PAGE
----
As highlighted in my other reviews I used to be a stressed, fat heavy drinker that would get palpitations when I tried to sleep. Since then I have always been a bit paranoid about my heart health, and while I am extremely fit, my blood pressure does have a tendency to read on the high end of normal. My review of the Wiwe ECG also occasionally indicated irregular heartbeats which has fuelled my paranoia more.
The previous monitors and the iCheck 7 in this review are all Bluetooth enabled allowing you to sync your results to your phone. I liked the ActivScan 9, the user interface made it very simple to use, and you can have multiple users assigned to it. However, it was a little temperamental with its readings, I found it read a bit high, and you had to be in a particular position to get an accurate reading.
The iCheck 7 is a much smaller device suitable for one person, and it is ideal if you need to carry around a blood pressure monitor with you for whatever reason, such as travelling etc.
It is also a wrist-based device, so this makes it a bit more convenient to test yourself. You could easily carry out this test in a public setting without looking too weird. Being wrist-based it may also be more suitable for people with huge arms, such as weightlifters or obese people. However, this is dependent on your wrist size too, this goes to 21cm which I am not sure if it is large or not, I am cursed with thin girly wrists, so there is plenty of room for me.
Similar to the other products, you can use this independently if you choose, the process is quite simple. Once around your wrist, you press the power button, and then you get 2 dots that need to align up before it starts. Your wrist needs to be on the same level as your heart; I found it more comfortable to slouch back on my chair and rest my wrist on my chest.
Pairing the device with your phone is also simple, you will need to download the Braun app and follow the instructions. All you need to do is hold the power button until the Bluetooth notification shows and then hit pair.
After being paired, I was informed I needed to update the firmware and this process took about 5 mins or so. After upgrading I had to repair, this time it took a lot longer to connect, but it got there eventually.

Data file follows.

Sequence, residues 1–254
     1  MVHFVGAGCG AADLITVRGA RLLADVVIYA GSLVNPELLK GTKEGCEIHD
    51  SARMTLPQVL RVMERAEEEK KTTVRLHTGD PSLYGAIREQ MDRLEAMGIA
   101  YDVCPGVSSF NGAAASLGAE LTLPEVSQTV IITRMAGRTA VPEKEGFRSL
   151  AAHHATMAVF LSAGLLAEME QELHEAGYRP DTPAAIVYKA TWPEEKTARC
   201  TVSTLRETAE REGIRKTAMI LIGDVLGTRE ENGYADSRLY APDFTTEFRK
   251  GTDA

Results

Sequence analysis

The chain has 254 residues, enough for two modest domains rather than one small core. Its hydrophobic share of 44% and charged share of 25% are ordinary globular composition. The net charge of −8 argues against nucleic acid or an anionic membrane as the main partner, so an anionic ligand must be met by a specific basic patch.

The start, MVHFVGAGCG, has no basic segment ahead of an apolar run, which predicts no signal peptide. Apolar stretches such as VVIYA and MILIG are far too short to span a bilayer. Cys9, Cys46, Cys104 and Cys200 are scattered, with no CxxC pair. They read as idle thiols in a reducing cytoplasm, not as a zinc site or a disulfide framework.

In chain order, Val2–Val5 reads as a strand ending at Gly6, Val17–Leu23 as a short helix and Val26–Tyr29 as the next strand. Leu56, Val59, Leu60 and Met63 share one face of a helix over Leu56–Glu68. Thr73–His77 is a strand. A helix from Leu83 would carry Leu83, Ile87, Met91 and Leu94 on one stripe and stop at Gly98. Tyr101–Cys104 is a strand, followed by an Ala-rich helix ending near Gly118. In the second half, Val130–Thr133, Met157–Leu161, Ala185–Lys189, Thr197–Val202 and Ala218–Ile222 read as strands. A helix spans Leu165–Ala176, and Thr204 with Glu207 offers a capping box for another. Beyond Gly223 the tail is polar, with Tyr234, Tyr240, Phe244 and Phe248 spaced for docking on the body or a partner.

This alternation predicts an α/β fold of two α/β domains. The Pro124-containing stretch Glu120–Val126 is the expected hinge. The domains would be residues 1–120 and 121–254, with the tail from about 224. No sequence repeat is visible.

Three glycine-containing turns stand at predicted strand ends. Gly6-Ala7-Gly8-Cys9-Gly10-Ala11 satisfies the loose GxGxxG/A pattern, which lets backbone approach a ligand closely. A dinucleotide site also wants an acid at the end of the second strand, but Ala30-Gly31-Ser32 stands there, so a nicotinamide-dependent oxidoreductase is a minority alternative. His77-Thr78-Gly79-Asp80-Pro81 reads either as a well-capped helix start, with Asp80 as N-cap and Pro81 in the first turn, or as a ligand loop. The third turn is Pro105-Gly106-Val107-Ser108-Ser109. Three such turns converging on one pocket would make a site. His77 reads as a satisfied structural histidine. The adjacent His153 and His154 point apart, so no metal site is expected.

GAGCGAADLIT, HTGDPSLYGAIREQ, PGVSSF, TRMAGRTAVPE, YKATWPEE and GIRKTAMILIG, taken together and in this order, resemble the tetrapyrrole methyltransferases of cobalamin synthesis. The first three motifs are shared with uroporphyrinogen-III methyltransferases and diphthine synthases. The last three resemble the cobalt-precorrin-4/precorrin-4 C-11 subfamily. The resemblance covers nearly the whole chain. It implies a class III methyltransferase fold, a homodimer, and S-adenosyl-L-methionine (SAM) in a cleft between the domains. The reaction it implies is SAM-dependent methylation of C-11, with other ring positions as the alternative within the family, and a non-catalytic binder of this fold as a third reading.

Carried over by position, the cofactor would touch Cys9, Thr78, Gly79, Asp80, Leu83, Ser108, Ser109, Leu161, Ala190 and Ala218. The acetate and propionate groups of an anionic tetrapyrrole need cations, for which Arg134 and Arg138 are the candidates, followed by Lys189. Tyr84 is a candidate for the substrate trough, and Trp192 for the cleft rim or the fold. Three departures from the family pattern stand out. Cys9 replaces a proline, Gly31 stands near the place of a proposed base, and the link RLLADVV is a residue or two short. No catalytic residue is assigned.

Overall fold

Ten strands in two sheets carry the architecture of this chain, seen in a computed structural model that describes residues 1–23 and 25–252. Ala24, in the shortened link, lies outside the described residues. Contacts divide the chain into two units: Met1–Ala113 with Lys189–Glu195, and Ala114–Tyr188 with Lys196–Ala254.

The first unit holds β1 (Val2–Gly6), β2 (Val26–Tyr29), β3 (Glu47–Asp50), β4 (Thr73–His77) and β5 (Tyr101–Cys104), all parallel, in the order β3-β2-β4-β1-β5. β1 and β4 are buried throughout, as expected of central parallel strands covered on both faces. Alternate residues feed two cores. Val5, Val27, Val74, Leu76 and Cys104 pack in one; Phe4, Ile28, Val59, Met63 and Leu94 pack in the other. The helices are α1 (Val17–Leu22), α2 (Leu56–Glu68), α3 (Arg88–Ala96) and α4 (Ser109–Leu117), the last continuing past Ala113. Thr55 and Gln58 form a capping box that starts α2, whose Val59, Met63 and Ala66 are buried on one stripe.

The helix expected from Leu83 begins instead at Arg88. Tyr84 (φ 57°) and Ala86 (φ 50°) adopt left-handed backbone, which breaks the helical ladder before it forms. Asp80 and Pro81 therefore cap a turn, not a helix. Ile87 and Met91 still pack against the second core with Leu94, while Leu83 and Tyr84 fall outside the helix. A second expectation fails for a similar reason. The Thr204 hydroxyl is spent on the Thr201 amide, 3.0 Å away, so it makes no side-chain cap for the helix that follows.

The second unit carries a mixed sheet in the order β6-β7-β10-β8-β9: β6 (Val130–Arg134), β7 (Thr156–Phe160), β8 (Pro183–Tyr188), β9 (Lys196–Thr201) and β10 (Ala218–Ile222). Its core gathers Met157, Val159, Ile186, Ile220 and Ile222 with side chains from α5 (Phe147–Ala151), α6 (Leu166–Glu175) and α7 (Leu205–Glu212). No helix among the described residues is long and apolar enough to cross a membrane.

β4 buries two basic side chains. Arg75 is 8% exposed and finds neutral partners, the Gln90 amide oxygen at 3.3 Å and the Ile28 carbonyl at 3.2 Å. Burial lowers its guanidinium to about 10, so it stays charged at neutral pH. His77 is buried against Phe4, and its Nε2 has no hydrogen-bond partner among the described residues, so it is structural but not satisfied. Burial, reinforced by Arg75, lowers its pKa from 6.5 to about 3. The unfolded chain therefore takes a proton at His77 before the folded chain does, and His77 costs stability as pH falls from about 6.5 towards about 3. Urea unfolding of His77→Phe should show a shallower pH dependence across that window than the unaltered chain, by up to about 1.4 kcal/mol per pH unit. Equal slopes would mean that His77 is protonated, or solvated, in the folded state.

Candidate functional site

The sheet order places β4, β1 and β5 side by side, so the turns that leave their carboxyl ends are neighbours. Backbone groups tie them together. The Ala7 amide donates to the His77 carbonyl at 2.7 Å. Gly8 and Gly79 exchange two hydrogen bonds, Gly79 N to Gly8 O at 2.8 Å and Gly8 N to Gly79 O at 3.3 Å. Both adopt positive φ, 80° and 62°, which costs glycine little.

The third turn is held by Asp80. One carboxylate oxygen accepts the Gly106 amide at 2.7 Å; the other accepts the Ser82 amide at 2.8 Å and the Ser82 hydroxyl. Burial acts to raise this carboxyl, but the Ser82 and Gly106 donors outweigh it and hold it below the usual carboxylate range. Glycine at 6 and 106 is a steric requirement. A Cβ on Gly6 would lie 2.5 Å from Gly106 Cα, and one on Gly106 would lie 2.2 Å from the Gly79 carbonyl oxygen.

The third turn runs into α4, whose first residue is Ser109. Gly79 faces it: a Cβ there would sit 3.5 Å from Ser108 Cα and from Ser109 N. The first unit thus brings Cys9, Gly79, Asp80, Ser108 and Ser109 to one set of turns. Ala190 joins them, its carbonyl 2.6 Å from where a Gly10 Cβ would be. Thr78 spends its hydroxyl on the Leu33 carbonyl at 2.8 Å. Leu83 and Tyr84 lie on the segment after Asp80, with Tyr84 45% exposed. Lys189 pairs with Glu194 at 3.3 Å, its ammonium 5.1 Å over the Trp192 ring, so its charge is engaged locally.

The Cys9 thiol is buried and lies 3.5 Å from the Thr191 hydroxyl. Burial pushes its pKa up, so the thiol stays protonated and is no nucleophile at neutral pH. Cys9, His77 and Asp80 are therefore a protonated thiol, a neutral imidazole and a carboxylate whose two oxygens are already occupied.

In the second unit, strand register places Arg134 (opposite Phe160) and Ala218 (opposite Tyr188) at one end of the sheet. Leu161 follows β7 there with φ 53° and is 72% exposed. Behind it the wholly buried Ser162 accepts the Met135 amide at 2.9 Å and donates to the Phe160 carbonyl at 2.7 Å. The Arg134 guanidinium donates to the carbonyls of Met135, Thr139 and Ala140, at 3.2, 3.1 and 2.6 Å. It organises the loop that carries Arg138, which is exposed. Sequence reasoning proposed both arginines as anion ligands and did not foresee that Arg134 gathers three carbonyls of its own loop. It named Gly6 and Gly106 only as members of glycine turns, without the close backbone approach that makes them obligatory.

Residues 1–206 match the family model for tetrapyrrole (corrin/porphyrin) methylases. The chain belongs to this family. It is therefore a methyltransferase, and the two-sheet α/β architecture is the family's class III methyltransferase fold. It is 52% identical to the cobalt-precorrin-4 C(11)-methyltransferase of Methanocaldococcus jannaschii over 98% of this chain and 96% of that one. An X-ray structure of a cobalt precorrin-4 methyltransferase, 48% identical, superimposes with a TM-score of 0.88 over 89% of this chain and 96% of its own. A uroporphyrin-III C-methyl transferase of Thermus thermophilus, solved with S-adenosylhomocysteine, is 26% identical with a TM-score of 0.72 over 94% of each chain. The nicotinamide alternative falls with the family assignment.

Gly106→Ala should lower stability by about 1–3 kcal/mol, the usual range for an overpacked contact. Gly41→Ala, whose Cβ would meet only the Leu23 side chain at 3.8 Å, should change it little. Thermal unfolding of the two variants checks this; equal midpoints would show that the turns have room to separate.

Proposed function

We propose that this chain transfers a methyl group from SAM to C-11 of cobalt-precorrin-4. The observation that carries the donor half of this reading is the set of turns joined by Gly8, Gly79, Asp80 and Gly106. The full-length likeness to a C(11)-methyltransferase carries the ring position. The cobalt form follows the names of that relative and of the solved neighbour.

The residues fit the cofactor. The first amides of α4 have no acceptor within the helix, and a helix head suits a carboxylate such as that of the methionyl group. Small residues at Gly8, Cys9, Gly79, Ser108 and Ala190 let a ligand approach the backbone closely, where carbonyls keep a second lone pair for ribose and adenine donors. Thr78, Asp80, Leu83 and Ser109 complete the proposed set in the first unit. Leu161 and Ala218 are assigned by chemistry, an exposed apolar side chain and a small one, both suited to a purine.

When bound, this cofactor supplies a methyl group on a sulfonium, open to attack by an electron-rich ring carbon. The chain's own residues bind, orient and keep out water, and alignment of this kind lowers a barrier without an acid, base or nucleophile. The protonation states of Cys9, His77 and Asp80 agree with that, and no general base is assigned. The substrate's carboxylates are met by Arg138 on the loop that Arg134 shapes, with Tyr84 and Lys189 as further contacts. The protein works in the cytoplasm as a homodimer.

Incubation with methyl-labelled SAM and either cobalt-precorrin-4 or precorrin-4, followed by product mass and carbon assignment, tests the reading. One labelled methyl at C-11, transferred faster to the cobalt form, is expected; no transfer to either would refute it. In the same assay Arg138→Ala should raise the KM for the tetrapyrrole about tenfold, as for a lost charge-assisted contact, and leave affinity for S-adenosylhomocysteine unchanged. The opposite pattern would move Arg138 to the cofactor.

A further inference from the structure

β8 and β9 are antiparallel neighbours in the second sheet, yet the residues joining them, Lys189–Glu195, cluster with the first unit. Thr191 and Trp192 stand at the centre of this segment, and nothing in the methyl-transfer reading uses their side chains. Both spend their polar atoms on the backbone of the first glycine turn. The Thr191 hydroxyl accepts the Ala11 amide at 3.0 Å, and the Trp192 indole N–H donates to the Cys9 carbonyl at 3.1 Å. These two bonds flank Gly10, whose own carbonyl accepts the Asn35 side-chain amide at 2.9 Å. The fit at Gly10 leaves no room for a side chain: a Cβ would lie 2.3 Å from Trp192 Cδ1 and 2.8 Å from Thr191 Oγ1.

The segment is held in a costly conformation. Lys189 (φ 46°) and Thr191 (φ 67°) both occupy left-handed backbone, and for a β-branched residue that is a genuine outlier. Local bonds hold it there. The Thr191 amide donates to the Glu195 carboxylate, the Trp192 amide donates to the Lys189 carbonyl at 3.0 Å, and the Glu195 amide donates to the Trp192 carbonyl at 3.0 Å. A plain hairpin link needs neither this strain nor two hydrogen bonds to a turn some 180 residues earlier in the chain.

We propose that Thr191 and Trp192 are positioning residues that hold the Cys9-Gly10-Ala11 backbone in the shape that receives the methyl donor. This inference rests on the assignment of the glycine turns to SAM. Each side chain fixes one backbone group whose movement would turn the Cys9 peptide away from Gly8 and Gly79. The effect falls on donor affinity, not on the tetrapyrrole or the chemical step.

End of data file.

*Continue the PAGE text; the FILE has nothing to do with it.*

One of the things I liked about the ActivScan 9 was the app, and this uses the same app. The interface and features are considerably better than the Omron alternative. It looks nicer and it is much more user-friendly to delve down into all the results.
You can view all your results either in graph, list or calendar view so this makes it very simple to keep track of the trend of your blood pressure. On top of this, you can also make notes of diet, exercise, sleep and mood. You also have the option to say if you took medication or not. For most people wanting to track their blood pressure as part of a healthy lifestyle, these features are probably redundant, but if you do have blood pressure issues, they provide an excellent log allowing you to see how certain variables affect your blood pressure.
The wrist-based system is not only more convenient to use, but it appears to be more accurate than the ActivScan 9. I still got a few erratic results, but if you follow the guide and use a bit of common sense when taking your reading and interpreting the results, I found it quite accurate. When the results were inaccurate they appear to read low rather than very high like the ActivScan, the small issue here is that it could give you a false sense of security if you don’t take multiple readings.
Most of the readings matched up with the Omron Evolv which I found to be consistently accurate with nearly all its readings. Using the ActivScan 9 immediately after the iCheck I was getting systolic readings that were consistently 10 points higher, which meant my reading went from green to yellow, or a systolic from around 125 to 135.
Unless you specifically need 2 user support, I have found the Braun iCheck 7 to be superior to the ActivScan 9 in almost every aspect. First and foremost, its readings appear to be consistently more accurate which is the most important thing when it comes to a heart rate monitor. It is around £50 cheaper which is a considerable saving, it is much smaller and convenient to use and carry around.
I think the Omron is a bit more reliable with its readings, but this has a better app, and the wrist-based system makes life a little easier. They are both priced almost the same too, so I would say they are both about equal and if you were going to buy one, decide if you want to do wrist or upper arm readings.
Braun iCheck 7 Review
Product Name: Braun iCheck 7
Ease of use - 90%
Accuracy - 80%
Price - 75%